Once again, community feedback on a lot of mods proves you’re wrong. We map map makers or modders are trying to achieve something that we’ve worked on hard for quite some time and that other people (who mostly share our gaming tastes and because they download maps for the games we make them for) will enjoy for free and do enjoy very often it seems.

    I think the whole “imagination” thing in mods is a rather hollow concept, and I’ll explain why I think so. For example, PlanetPhillip hosts mainly maps for the Half-life series. Half-life is a game franchise known for its good design, be it level design, enemy design, the themes that it touches, the combination of puzzles, combat etc. Why someone looking for the next “super imaginative ultra cool new gameplay mechanic a theme” would decide to do so in a site dedicated to maps of the Half-life series is something that intrigues me, considering the amount of free indie games around the web which are more “original” and “imaginative” than most Half-life mods.
    What I’m saying is that usually, the choice of an amateur level designer choosing a game to map for has something to do with that actual game, with its characters, locations, props and other readily available resources. While some total conversions show otherwise, the huge majority of Half-life maps and mods stick within the game’s main themes. It saves time creating custom content, and it guarantees that people looking for more “Half-life” will get exactly that from these free mods!

    Mappers and modders are not there to experiment or bring something new to the table to those who had enough of the game in question. They just enjoy level design and might do it in the traditional way or actually experimenting a bit. But it’s their choice, not yours. I’ve just read too many times how people are so “dissapointed” with the “lack of imagination” from modders, as if we amateur level designers owed them anything at all. If you don’t like HL1 and HL2 maps set in the game’s usual themes, then don’t play them. The thousands of people who do enjoy playing them and the hundreds who enjoy making them won’t care less.

    Sorry about the rant, but I’ve had this one inside me for quite some time (and civanT, don’t take it personally).

  15. Edwin "Oscuro" Herdman

    I agree with Kasperg’s comment above that “the choice of an amateur level designer […] has something to do with that actual game,” but I think it’s worth stressing further that Half-Life succeeded mainly because it was both a good game originally and put access to a very powerful level editor into literally millions of hands. I think these factors, plus the fact that the art assets (music + textures) are pretty good, has more to do with it than the fact that HL has a good storyline. The flexibility of the readymade scripting and effects blows away Quake II, and QIII’s just a multiplayer game, and nothing else out at the time (or for a while after) really competes.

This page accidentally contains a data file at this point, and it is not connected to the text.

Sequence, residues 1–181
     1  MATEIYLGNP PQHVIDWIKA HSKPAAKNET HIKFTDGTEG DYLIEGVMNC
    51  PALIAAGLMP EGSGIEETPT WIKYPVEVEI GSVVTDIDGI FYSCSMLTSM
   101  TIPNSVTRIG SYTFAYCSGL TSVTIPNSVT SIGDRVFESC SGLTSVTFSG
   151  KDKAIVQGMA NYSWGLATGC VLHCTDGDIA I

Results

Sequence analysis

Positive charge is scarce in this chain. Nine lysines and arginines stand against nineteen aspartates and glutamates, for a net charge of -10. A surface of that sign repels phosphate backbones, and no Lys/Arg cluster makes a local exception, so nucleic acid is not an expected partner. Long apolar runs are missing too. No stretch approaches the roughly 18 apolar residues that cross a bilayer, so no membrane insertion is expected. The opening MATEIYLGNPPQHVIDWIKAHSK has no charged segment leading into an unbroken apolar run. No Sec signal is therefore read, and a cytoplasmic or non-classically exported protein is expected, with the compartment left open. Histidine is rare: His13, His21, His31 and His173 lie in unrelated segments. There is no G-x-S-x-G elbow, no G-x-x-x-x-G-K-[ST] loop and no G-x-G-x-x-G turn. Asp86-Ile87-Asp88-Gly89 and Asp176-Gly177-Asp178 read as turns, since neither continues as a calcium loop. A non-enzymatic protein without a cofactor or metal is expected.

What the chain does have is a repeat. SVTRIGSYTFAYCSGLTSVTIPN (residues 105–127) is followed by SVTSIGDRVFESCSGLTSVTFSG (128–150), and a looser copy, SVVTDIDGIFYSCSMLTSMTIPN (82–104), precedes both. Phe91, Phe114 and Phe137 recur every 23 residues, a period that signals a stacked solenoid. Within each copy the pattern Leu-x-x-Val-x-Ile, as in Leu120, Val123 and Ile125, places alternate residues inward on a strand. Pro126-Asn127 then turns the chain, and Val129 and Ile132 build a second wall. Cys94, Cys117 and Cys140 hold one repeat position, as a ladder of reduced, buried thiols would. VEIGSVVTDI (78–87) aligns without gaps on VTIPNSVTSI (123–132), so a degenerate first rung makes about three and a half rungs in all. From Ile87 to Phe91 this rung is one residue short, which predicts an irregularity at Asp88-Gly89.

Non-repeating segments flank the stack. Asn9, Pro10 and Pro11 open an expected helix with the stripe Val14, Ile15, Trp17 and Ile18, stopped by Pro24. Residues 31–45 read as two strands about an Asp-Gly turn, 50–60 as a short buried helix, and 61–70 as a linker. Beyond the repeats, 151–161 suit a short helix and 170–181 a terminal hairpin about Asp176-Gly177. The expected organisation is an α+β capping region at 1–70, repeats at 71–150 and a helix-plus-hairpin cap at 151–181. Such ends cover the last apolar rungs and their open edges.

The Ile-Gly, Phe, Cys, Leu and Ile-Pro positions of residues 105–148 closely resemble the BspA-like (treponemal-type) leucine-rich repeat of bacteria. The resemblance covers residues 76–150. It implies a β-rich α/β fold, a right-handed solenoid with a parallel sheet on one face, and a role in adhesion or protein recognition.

That said, I believe that the most successful HL mods remain the ones that use a large amount of custom (or at least customized) content, like Poke 646, They Hunger, Afraid of Monsters, Paranoia even.

    I think that lots of people would really like to do some kind of FPS or even third-person shooter / action gameplay very different from what HL offers, or even to create different circumstances, and don’t only because it’s not easily possible with the system.

    For instance: Before OpFor it was pretty hard to do friendly soldiers convincingly, for instance; lots is hardcoded into the game and that will naturally remain beyond the ability of the novice mapper. It didn’t really need to be that way; it should have been possible via some scripting language to make it relatively easy to make any enemy a friend or enemy.

    The potential is there; Barney can go from a friend to an enemy and he could theoretically go the reverse (enemy to friend), but it just doesn’t happen because of this limitation for the sake of streamlining the game (Valve had no reason to waste time creating such an ability since their scenario never required it; even to the present time there’s no instance of a friendly NPC damaging you with their weapon except perhaps Grigori, can’t remember).

    It’s something of a moot point now, but I would still say it is an error to underestimate the impulse towards originality that many mappers and players are driven by. If this were 1998, a tool that would let people easily mix up the temperaments of the various actors would be wildly successful.

  16. civanT

    That was a good answer to my rant (actually I was the one, not you), but I’m going to tell you why I don’t agree with you. You said community likes the original game and tries to make similar mods. I don’t totally agree with you there. My reply about this topic is exactly what Edwin “Oscuro” Herdman said. They are doing it, “cause that is the easy and maybe only way for them. If Hammer editor was much more flexible, mods would be much more different. Also I agree with you, Minerva looks good, I like the design of those maps they are really good, but still, they can’t give me enough Half-Life-ish experience. Also they are Ep1 or Ep2 mods, of course they’ll look more prettier than original HL2.